Nicholas Hilliard was born in Exeter in 1547 and was the first notable English born painter of portrait miniatures. Following his father’s profession, he trained as a goldsmith and began painting miniatures at a very early age, being influenced by the Flemish illuminators and the engraver Dürer.
By the 1560’s he was the official Portrait Painter and Limner to the Court of Queen Elizabeth 1. Painting in watercolour on vellum, Hilliard’s exquisite portraits of the Queen and members of the Court were often set in beautifully jewelled gold frames. The paintings were highly prized by the Queen. She gave likenesses of herself to those in high esteem and kept a collection of treasured portraits of her ‘favourites‘.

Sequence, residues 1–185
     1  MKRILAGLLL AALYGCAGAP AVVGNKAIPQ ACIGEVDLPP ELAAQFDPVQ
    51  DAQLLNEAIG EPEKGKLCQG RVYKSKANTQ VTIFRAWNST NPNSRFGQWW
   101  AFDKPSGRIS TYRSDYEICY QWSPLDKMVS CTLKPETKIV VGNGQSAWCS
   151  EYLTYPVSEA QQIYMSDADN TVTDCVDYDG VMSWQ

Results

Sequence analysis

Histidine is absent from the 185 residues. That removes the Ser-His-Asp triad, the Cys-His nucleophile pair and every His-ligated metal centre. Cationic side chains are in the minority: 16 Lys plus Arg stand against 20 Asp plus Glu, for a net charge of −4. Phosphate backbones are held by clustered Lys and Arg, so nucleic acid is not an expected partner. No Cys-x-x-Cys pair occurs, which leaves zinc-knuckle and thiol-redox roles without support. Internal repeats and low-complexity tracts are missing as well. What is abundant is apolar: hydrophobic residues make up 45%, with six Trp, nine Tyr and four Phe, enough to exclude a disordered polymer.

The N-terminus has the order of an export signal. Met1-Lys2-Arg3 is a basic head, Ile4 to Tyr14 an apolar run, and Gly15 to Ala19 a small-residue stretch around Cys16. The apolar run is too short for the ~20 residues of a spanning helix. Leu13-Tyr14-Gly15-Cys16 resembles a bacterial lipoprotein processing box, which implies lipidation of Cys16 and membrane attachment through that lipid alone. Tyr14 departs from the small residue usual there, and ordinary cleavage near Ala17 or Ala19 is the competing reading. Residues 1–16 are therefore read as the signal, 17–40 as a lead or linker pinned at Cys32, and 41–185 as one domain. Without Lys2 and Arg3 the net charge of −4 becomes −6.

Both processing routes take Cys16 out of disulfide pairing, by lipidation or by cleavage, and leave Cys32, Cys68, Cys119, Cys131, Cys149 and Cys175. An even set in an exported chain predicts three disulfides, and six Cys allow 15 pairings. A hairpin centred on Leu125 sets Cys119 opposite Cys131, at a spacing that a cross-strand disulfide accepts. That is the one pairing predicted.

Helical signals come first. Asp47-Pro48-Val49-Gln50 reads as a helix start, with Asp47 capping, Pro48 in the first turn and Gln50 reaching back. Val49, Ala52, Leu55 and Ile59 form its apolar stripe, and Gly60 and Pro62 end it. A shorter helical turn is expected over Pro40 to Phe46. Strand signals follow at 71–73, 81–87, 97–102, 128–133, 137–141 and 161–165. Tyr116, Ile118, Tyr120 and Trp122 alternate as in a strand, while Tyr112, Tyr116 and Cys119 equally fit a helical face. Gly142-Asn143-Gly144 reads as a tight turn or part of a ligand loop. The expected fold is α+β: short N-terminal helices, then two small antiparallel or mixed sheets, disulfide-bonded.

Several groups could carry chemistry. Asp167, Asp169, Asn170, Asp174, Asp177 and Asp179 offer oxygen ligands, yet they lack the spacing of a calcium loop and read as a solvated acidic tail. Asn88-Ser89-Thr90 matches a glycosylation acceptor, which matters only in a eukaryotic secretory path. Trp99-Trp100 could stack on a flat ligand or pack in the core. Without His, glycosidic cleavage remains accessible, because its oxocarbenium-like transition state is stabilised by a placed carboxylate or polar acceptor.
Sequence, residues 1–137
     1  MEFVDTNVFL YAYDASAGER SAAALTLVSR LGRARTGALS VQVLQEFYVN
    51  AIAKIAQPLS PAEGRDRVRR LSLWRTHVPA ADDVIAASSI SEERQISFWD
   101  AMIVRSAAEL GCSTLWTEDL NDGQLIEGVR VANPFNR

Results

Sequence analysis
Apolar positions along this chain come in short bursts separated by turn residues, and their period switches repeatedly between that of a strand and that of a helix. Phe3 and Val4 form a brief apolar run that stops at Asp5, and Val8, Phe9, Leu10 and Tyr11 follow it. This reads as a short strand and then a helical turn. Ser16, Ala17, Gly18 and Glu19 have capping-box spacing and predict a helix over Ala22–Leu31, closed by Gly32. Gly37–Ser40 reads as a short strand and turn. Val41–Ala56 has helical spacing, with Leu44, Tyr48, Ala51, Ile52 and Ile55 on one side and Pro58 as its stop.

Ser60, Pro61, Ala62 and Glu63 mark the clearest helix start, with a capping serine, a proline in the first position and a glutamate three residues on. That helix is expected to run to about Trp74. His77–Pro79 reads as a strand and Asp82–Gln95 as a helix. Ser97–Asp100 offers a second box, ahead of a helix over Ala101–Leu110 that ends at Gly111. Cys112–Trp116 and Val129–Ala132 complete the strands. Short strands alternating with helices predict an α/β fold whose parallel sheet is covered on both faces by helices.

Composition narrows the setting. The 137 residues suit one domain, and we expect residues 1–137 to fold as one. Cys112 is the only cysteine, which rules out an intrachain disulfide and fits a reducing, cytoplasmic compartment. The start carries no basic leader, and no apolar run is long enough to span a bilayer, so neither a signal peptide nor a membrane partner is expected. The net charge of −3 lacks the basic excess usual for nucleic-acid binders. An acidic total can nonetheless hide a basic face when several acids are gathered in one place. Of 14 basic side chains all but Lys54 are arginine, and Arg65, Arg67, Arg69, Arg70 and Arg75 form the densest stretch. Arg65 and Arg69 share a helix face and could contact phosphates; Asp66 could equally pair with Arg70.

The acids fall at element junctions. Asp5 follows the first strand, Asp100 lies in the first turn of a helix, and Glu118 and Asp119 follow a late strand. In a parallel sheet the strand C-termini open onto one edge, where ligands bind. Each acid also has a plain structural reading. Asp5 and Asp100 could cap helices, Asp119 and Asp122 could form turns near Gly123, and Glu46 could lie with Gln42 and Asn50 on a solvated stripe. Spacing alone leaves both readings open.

Around 1600 Nicholas Hilliard wrote A Treatise Concerning the Art of Limning, a work of great importance as a history of miniature painting. He died in January 1619 and is buried in St Martins in the Fields, Westminster. Some fine examples of his work are to be found at the Victoria and Albert Museum, London, and in other notable collections.
When they founded the Society in 1982, Roz Pierson and Sue Burton chose name it after Nicholas Hilliard, one of the most famous miniaturists of his time, who also came from the south west where the Society is based.